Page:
To Whose Benefit?

Last night’s bomb-attack in the city of Mansura, aimed at the provincial’s capital police head-quarters is said to have been an act of retribution. ‘Islamist extremists sought to revenge their ‘martyrs’ from the sit-in dispersals in August this year’ suggested the twitter-timeline. For the ‘informed public’ was clear: “the Muslim Brotherhood is behind this”.-

Now from inside Mansura one can hear voices from political parties, suggesting that the heinous act, factually leaving more than 13 people dead and about 150 wounded, most of whom reportedly belong to the police-forces, had been ‘orchestrated’, since the premises on which the car, allegedly carrying the bomb, parked, couldn’t possibly have been brought there, as the street had been blocked for a while, ‘this must be an inside job’.

Apart from the agony, the partly gruesomely wounded victims are suffering, and apart from the grief of the bereaved: what would be the benefit of inventing and carrying out such an insidious atrocity?

The Ministry of Interior surely has a lot to cope with. And they sure will have a lot to explain in the near future.

When the demonstration-law succeeded the abrogation of the state-of-emergency in mid November, the interim government unintentionally opened a second demonstration-front. The old activists came back to the streets and gained ‘glory’ in the local and foreign headlines in protesting this law, which lead to their and other protestors detention resulting into trials for inciting violence e.a.- A typical headline read “Egypt jails symbols of 2011 uprising”, and as almost to be expected: the EU immediately communicated a statement ‘demanding the verdict to be revised’. Is the interim government committing acts of self-sabotage?  – It is irritating that the court-sentence for one of the most prominent activists, who stood as well in the forefront on June 30th, received a hard to believe 3 years prison sentence. I can find this only very exaggerated.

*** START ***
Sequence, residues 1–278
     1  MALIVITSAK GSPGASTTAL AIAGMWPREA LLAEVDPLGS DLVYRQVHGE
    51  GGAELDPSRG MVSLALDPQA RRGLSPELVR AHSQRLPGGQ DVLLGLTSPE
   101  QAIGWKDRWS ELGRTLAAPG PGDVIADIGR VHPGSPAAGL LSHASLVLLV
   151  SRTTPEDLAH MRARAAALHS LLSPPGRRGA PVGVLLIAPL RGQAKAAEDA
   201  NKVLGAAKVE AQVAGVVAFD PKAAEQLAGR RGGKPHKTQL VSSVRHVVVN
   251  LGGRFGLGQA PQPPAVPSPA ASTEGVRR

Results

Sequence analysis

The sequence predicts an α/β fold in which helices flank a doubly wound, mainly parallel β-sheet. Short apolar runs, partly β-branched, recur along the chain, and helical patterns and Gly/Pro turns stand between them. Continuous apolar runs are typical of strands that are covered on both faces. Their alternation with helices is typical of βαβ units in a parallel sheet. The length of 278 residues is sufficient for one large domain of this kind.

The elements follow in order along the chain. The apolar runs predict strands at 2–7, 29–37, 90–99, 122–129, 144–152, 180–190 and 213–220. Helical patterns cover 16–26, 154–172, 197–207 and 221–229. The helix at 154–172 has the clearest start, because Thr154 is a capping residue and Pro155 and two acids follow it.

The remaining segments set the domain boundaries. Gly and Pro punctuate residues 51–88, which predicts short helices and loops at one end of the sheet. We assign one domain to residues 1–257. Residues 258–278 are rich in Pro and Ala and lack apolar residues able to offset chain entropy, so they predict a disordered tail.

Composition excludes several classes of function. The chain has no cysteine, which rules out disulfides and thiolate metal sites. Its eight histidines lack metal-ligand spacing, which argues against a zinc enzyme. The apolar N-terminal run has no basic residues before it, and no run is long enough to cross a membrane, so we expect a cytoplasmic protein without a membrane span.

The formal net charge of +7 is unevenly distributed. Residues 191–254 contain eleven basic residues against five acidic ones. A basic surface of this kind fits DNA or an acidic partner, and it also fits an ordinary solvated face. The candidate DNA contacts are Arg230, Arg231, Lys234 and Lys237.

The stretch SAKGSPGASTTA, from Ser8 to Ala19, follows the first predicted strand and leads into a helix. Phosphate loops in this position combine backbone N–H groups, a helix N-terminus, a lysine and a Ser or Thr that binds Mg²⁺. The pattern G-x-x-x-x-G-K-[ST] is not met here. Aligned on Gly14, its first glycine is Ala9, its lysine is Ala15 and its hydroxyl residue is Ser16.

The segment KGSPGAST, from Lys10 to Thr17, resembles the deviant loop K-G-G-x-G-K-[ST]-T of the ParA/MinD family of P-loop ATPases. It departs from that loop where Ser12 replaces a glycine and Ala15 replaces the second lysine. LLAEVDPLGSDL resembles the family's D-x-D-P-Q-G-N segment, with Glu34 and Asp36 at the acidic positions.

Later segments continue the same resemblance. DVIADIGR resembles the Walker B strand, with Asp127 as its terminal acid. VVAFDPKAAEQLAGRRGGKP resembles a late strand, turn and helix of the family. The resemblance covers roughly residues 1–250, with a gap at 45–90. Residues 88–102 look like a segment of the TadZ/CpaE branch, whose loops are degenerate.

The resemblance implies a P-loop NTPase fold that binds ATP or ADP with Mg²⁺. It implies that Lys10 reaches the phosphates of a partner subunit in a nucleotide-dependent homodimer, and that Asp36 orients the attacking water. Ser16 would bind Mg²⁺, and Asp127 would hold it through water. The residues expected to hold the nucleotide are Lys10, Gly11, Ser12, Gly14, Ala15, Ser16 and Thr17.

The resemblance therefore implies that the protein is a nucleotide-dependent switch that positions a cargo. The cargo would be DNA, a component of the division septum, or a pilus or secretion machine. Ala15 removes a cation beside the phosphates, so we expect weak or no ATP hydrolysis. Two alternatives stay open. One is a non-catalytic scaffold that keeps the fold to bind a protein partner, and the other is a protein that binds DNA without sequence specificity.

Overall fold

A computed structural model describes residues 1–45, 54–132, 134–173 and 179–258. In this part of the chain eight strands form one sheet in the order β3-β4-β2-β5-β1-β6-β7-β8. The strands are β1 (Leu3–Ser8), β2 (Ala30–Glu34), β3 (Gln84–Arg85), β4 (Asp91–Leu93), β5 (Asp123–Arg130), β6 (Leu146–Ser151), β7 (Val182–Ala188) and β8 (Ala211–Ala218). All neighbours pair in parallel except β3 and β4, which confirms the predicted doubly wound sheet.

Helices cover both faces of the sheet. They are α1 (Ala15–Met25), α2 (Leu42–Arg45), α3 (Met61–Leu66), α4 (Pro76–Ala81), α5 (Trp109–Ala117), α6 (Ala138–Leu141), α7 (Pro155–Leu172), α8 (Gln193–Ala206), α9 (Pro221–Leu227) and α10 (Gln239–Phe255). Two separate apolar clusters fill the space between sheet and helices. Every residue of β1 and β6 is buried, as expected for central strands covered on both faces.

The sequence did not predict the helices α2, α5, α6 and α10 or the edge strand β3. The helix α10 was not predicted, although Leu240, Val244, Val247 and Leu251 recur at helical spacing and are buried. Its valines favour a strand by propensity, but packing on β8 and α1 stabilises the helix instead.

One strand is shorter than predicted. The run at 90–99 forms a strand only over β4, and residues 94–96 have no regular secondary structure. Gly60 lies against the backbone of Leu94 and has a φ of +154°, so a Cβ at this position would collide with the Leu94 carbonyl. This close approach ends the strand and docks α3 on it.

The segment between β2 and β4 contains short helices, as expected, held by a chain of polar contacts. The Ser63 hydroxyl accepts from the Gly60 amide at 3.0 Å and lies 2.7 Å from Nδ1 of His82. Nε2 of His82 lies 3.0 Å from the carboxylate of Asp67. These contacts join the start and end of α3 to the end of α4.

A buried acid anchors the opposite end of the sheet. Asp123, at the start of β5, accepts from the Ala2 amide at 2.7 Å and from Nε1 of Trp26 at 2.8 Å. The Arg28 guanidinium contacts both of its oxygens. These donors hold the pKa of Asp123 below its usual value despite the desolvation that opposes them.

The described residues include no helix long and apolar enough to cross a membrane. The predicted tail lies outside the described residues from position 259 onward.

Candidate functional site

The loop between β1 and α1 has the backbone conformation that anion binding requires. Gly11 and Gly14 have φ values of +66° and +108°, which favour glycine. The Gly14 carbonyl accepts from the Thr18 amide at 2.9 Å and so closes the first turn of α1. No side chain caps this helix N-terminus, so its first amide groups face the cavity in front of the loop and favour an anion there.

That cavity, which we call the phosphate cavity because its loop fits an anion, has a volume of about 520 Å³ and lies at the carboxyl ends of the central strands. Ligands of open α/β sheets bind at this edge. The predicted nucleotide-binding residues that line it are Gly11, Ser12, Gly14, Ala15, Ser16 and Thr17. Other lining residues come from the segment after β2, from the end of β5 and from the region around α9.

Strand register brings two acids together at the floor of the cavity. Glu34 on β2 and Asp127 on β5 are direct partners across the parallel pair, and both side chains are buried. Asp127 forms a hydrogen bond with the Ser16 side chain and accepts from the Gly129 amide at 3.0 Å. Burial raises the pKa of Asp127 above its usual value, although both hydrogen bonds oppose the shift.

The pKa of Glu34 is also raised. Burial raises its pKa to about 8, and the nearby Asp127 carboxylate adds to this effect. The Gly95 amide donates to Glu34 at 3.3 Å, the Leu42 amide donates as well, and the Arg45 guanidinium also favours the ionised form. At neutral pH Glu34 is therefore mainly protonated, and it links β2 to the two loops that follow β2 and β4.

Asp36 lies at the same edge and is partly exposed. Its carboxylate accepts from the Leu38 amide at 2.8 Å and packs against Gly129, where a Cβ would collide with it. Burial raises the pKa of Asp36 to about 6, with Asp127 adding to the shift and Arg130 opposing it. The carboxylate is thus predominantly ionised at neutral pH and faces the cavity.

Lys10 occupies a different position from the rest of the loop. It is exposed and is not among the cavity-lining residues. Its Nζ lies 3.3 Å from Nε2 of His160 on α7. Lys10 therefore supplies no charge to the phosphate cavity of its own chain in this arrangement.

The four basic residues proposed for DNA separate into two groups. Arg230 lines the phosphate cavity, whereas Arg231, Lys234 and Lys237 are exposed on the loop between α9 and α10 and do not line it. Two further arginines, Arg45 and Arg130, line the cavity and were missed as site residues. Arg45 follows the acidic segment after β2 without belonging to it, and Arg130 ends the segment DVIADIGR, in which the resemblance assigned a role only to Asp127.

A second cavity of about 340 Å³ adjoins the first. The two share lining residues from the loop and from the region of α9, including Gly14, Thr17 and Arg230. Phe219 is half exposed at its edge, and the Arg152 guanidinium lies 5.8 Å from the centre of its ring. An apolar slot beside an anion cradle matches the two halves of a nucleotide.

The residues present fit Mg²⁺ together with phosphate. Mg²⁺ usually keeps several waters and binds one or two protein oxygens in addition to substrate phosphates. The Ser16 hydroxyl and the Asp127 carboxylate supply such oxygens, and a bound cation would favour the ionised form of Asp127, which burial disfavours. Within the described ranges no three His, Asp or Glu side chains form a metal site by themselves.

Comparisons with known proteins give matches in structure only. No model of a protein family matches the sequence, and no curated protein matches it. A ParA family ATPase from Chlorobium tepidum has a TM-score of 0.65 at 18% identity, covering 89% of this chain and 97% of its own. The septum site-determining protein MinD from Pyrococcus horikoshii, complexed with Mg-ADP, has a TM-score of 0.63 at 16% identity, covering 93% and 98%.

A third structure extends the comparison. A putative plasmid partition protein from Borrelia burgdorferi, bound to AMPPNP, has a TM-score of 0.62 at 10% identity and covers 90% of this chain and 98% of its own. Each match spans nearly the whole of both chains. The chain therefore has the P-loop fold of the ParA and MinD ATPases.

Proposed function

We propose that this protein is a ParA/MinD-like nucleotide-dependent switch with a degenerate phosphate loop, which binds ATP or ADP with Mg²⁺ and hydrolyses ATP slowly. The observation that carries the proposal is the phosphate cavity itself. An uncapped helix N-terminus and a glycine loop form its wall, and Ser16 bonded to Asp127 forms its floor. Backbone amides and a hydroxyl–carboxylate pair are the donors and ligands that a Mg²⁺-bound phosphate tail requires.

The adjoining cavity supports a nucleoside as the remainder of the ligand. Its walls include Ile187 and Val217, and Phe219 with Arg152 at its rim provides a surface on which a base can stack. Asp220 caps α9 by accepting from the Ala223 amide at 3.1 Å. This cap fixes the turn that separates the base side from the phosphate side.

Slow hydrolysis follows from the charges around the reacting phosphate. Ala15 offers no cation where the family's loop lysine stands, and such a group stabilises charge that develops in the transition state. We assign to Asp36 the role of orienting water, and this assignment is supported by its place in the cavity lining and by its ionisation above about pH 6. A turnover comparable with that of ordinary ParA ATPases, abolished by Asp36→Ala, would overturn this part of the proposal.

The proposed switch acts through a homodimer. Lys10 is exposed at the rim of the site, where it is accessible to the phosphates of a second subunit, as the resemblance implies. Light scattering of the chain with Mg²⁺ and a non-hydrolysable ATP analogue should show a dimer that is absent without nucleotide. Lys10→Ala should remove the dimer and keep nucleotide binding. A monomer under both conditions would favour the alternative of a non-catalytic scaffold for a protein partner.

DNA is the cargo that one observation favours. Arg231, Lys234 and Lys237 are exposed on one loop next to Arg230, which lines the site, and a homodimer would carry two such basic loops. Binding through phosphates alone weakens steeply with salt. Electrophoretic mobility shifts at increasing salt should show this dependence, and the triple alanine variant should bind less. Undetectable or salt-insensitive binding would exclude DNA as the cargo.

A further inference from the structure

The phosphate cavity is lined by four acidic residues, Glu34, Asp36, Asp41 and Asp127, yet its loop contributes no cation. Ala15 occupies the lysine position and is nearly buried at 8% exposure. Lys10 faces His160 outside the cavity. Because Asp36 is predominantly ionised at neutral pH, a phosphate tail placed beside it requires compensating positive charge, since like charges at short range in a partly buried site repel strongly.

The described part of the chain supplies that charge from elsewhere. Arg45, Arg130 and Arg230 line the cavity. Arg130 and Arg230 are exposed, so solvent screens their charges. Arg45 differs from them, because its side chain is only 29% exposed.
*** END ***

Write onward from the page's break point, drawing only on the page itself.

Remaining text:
Like a sympathetic amount of anarchy, I take exaggeration as an Egyptian streak. Moreover I’m coming to think ‘Egyptians’ love simplifications and have a strong tendency to despise opinions which are not in full swing with their favorite conspiracy-theories. You can hear sentences like ‘Egypt has been plagued by a bunch of activists who choose to collaborate with MB & terrorists under the pretext of confronting the military.’ Like most of what happens around ‘the state and the opposition’: it causes a constant stupefying dumbness in the conciliatory mind and leads eventually to an adjustment of measure. –

Demonstrations to protest the detention of members of the Muslim brothers, especially their leaders and explicitly ex-short-lived-president Mohamed Morsi have been centered on students, loyal to the Muslim brotherhood. Now the ‘law of retribution’ created another chain of protests against the protest-law and for the release of the detainees who are imprisoned because they protested that law and additional protest in solidarity with jailbirds from the opposition-camp, who had been released in the meantime since their lobby, the HRO’s had put enough pressure on the case.

In the boiling heat of one such protest when already bird-shot-guns were employed, a student, Mohamed Reda, got shot while – accounts differ – ‘he was heading to the administration of the prestigious, governmental, and religiously unaffiliated Cairo University, to get some paper-work done’. The shot had allegedly been fired by security forces. He died. Mohamed Reda became a reason for uneasiness in the ‘middle-class’ citizens spectrum, and a reason for further retribution-demonstrations among activists. Democracy-Meter showed: 511 student protests alone in November; I suppose that’s why the demonstration law had been imposed in the first place.